beeswax candle blog

How to prevent candle wick mushrooming

candle wick fail

As candle makers, the thing we always work to eliminate are those pesky, ugly carbon balls that form on the tip of a candle's wick. They are so common that most candle burners just take them for granted. They form on every type of candle, container, votive, pillars and tapers. They are even more prone to form if the candle has added fragrance or coloring. If it's a candle, it can form a carbon ball.

Candle makers dislike carbon balls (also known as carbon caps or mushrooming) not because they are ugly globs of burnt carbon, but because they can ruin a beautiful candle if the customer isn't watching for the signs. 

A carbon ball can form for many reasons, so instead of giving you a boring lecture on why they form, I'll share some tips on how you can head them off at the pass and stop those little black balls from ruining your lovely candle.

Carbon Ball on TaperThe first thing I do if I see a large carbon ball forming is to take a metal wick dunker or something made of metal and bend the wick so that the tip curls into the side of the flame (where it is hotter). The carbon ball could be forming because the wick is standing straight up and not curled into the hottest part of the flame (which is on the side of the flame). Most wicks are designed to curl slightly so if a wick is pointing straight up and forming a carbon ball, help it out by bending the tip slightly to the side of the flame. You will see the carbon ball get burned up and then the wick should behave properly after the carbon ball burns away.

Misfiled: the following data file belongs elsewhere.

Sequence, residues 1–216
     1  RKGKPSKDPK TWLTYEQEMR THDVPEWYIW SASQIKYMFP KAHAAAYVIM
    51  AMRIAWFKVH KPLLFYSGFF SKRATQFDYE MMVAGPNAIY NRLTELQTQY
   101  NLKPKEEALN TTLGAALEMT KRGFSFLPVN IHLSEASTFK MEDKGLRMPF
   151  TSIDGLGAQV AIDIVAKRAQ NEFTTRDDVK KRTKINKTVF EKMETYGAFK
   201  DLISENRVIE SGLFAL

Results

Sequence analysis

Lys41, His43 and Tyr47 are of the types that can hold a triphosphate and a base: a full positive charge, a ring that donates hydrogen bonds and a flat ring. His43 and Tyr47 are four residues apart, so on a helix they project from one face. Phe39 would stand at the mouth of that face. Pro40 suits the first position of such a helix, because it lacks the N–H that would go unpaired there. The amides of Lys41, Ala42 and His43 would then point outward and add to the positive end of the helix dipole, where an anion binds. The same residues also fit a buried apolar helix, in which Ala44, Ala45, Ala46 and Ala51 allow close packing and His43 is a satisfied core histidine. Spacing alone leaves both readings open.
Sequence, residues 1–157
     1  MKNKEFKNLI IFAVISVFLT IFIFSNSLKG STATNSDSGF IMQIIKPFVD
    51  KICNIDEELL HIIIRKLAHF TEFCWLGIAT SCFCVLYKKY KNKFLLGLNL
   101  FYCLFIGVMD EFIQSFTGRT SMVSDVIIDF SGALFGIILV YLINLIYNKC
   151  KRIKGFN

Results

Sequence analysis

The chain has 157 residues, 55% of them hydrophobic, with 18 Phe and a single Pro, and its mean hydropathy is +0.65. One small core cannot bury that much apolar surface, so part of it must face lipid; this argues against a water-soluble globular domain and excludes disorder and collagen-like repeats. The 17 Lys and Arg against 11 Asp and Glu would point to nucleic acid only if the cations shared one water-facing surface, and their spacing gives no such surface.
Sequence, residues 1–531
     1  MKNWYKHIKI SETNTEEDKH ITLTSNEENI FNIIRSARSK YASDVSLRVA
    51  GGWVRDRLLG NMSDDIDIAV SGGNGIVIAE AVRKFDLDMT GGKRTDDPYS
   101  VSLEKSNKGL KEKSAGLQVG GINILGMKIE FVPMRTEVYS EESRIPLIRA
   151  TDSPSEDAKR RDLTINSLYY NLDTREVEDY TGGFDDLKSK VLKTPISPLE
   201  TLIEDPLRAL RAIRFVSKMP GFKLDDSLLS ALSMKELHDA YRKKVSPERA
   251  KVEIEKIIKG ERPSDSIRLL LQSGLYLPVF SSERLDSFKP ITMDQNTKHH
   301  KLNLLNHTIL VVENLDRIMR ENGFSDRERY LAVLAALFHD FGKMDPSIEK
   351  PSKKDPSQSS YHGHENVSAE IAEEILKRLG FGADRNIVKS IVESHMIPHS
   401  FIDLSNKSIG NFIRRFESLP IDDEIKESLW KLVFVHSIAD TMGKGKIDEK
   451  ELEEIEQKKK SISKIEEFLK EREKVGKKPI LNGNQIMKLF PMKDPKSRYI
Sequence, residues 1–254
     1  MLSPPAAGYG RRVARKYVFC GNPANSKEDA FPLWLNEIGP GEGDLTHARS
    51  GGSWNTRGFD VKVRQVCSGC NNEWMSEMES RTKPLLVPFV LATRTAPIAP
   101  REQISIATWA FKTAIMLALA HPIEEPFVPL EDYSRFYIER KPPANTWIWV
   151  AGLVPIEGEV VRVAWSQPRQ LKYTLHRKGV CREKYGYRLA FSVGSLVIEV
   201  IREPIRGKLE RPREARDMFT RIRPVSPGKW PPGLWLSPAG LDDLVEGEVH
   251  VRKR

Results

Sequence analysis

Sometimes carbon balls still form even if the wick is slightly curled because there is a lot of added fragrance or coloring in the wax. Or sometimes, it's not the best wick for that candle. All experienced and reputable candle makers will test, test, and test their candles to make sure they have found the best wick for their wax and fragrance combination, but sometimes, a candle still ends up with an underperforming wick and the only thing you can do about it is babysit your candle and cut off any carbon balls that are forming.

Carbon Ball on PillarAside from making the candle look unattractive, a large carbon ball can break off the tip of the wick and fall onto the side of the candle. When that happens, you have two flames burning at one time. The rogue carbon ball can land on the side of the candle and burn a hole right through the candle. The flame on top will eventually get to that hole and will drop down all the way to the bottom of the candle. The entire candle can turn into a puddle of wax and if both flames are still active, can turn into one large flame. That is why you should always, always use a fireproof candle plate for any candle you burn. If it's a container candle, the carbon ball can fall into the melt pool and continue burning and cause a secondary flame.

You pay good money for quality candles and the last thing you want to see is your sweet candle getting ruined by a rogue carbon ball. 

How to slay a Rogue Carbon Ball:

  • If the wick is sticking straight up and forming a large carbon ball, take a metal object and gently curve the tip of the wick into the side of the flame (where it burns hotter).  Leave the wick in the gently curved position to prevent new carbon balls from forming.
  • If the wick still forms carbon balls regardless of its position, then you will have to babysit that bad boy and frequently trim the carbon ball off and remove it from the candle.

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